AALTJE DAMMER (1907-?, NETHERLANDS)
Dammer’s consulting psychiatrist wrote in a letter to mark the transfer of a folder containing all her preserved drawings: “Aaltje Dammer was an extremely introverted woman, who always gave shape to her emotions in the same rigorous way“. In 1928 – aged just 21 – she was admitted to a psychiatric hospital for the first time. According to her papers she worked as a maidservant. She laboured there in the large kitchen, peeling potatoes and washing vegetables until the institution was no longer permitted to function with unpaid workers. Clients like Aaltje Dammer then had to attend activity therapy where they could learn “useful” skills with which they could – after a mere 35 years of intitutionalisasion – be rehabilitated. The reticent Mrs Dammer was unwilling to make macramé or jigsaws and remained rigid in her chair or pacing up and down in the room. Suddenly, without reason, she started drawing, on brown paper, with chalk and pencil. She produced drawing, obsessively. Day after day she would fill pieces of packing paper up to five feet long: musicians, horses with riders, monsters, prams or household objects. She sometimes cut or tore up her drawings at the end of the day “Get rid of it, it’s bad enough already“. There are various drawings that are almost completely filled. People are then positioned in an overcrowded interior with plants, furniture, and crockery. Dammer did not work immediately in color. She started with a preliminary pencil drawing and then embellished this with a mosaic-like tessellation. She also wrote quasi-texts to accompany her scenes.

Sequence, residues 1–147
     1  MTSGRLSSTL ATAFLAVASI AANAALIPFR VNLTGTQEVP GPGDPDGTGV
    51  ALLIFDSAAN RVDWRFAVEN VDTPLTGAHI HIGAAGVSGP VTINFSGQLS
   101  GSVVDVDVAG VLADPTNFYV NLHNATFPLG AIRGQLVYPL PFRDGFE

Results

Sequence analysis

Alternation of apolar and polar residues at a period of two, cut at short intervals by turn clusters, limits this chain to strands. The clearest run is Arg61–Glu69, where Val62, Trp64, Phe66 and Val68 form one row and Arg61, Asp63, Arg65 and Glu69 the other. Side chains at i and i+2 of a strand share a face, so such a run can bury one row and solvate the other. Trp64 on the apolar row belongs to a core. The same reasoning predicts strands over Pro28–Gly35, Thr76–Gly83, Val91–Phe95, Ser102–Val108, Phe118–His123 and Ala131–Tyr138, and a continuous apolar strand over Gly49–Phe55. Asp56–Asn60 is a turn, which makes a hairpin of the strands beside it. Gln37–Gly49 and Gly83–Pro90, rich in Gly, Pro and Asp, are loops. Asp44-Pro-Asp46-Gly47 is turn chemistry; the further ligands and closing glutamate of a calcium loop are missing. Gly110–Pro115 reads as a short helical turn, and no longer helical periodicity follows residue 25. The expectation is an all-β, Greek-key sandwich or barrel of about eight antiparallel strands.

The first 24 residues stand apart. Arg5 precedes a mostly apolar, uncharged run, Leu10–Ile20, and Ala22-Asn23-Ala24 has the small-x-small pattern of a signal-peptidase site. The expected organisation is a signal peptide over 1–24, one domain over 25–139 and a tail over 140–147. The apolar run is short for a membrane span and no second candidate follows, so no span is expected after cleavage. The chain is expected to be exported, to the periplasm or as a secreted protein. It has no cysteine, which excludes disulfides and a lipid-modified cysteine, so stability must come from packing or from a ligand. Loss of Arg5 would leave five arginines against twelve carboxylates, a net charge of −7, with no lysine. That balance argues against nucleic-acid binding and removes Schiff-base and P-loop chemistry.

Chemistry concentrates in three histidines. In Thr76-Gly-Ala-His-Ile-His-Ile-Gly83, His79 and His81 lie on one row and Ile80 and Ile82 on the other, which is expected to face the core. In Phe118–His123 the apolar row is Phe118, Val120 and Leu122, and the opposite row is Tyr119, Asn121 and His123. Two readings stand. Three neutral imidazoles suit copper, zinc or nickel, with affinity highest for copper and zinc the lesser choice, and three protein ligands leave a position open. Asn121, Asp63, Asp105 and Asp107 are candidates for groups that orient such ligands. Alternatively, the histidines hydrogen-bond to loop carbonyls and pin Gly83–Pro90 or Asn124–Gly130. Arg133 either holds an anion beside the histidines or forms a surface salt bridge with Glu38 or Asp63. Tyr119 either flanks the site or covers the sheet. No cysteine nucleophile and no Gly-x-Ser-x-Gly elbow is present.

Photos (© Collectie de Stadshof, Utrecht):
1) Untitled, u.d., pencil, colour pencil and oil pastel on packing paper
2) Untitled, u.d., pencil, colour pencil and oil pastel on packing paper
3) Untitled, u.d., pencil, colour pencil and oil pastel on packing paper